Greg Godzik’s sister was at one of the book signings and asked a couple of questions. We didn’t know who she was until after it was all over and she came over and started talking to us. Randy Johnson’s sister, I think, was leading the protest in Vegas. After they heard us talk… We were invited there to speak, and Danny and I spoke about the book and about how we feel about different issues. They actually stopped protesting the paintings, which was a good thing.
We haven’t had any serious threats or flack or anything from the victim’s families. I was surprised, because I thought that we might hear something. Even Greg Godzik’s sister, whose mom was one of the most outspoken critics at the time—a critic not only of Gacy but also of the government, police, and so on. She [the sister] was very, very cordial to us—very respectful and dignified. Any experience that we’ve had with the families of the victims has been positive.
I remember Robbie Piest’s dad even, this was anamazing thing, at trial, he came
up to me one day—and you know the fear; he might stick a knife in your throat since you are the lawyer of the guy that he hates. But Mr. Piest came up to me and said, “Sam, I just want you to let you know that I have no malice or ill will toward you. Iunderstand that you have job to do, sir, and I had to express that and tell you that.” I thought that was the classiest and nicest thing. It was during a time of… It was in the middle of the trial.
I was never afraid of anything or anybody. The only thing that ever bothered me is that if somebody might have wanted to get John Gacy, I might get in the way of a bullet or something. But any personal threats toward me never bothered me.
The toughest thing about a case like that—any case that involves the victims of horrible crimes—is looking at those family members when you’re the lawyer defending someone accused of doing that and sometimes even knowing that they’ve done it. Seeing the looks on the faces of these people and feeling compassion for them is a very difficult thing to experience. That’s much more difficult than representing the person—facing the victims.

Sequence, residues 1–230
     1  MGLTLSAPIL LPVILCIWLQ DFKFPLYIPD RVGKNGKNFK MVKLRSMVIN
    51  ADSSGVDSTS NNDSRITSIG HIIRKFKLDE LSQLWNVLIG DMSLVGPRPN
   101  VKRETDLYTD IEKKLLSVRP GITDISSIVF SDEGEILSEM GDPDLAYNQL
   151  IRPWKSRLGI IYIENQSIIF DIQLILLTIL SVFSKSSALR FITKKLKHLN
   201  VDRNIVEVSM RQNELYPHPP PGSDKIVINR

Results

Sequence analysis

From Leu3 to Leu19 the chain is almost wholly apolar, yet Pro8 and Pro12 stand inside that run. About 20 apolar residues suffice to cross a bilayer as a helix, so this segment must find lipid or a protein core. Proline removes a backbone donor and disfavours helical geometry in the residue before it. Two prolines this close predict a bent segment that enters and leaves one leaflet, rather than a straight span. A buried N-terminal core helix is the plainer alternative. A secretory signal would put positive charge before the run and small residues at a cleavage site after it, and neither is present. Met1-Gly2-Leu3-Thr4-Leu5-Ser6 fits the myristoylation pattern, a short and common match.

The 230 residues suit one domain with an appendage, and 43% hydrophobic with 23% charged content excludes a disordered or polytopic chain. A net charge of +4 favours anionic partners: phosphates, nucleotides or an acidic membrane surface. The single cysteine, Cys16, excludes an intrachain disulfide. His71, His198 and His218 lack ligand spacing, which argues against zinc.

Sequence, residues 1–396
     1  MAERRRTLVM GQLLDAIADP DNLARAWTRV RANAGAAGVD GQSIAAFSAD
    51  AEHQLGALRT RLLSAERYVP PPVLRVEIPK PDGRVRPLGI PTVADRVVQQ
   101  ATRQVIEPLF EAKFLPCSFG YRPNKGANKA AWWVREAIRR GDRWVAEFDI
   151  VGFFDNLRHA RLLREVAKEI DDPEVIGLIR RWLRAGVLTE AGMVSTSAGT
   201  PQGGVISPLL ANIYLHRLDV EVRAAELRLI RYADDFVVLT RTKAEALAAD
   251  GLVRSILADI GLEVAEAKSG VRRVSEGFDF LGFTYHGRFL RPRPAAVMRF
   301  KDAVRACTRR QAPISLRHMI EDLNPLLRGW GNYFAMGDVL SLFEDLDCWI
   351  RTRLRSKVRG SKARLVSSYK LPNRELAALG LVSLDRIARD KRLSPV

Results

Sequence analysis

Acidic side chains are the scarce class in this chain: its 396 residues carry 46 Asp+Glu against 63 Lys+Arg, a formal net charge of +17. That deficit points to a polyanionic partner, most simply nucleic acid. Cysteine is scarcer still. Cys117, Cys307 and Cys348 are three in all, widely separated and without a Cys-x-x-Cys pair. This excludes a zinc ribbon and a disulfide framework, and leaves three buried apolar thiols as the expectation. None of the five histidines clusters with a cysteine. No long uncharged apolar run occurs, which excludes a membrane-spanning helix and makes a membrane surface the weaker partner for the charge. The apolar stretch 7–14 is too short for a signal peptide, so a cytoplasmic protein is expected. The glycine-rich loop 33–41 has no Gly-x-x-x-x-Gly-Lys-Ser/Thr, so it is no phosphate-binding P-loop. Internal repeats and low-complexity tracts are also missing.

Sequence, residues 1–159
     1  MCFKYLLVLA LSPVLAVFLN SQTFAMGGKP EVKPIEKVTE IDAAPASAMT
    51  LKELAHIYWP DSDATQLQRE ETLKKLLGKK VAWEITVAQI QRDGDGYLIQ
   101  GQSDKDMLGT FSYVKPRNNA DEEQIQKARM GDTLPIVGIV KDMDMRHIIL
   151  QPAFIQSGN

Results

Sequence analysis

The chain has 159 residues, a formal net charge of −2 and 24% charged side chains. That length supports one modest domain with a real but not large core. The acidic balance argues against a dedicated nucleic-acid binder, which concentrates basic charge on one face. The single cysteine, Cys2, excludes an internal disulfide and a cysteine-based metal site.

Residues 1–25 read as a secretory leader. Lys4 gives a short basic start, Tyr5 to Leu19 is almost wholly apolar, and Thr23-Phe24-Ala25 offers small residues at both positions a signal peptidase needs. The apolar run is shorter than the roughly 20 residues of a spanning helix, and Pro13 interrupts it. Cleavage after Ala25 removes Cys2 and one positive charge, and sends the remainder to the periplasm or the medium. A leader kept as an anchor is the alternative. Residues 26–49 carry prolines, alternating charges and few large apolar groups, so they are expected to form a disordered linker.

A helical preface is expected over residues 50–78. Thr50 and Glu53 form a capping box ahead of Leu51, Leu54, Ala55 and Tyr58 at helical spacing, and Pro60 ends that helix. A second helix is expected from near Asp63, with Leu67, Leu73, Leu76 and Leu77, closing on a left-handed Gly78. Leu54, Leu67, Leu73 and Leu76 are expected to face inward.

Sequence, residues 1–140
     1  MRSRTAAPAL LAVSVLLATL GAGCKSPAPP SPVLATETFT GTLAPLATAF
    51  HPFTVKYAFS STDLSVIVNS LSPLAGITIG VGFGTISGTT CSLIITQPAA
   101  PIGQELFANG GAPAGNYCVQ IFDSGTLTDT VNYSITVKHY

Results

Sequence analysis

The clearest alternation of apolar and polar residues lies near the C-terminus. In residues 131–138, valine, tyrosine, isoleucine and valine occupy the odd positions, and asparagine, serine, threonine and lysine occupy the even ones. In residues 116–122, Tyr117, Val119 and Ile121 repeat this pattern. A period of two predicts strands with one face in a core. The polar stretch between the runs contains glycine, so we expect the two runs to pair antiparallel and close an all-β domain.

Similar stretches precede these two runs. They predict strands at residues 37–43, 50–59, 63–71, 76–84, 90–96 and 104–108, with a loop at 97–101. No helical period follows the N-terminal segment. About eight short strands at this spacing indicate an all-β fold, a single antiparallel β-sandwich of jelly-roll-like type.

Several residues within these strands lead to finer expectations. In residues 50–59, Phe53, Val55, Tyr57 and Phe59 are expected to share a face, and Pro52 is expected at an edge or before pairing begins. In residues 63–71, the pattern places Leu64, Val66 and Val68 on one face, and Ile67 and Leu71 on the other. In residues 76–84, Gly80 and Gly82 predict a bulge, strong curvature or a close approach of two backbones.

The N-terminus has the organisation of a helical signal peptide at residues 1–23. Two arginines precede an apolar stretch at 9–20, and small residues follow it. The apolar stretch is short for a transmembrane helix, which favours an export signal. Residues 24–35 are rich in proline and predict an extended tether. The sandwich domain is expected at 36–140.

When was the last time you spoke with or saw John Wayne Gacy? Can you tell me a bit about that final encounter?
Oh boy. One of the last times I ever spoke to him, he was down in Menard. We used to communicate, and I went down to see him a few times. He was in Menard Penitentiary in Southern IL. He was executed at Statesville, but they brought him back up to Statesville.
Anyway, he was telling me about this woman he had met — a woman who’d become his pen pal and would come there to visit him. She wanted to marry him. I said, “Oh John, that’s good. Maybe you should marry her.” He said, “What? Are you kidding? Are you nuts? I’d never marry that fat hog!” or something like that. He said, “She’s got two kids in the joint down here. You think I’d want to ruin my reputation by marrying into a family like that?”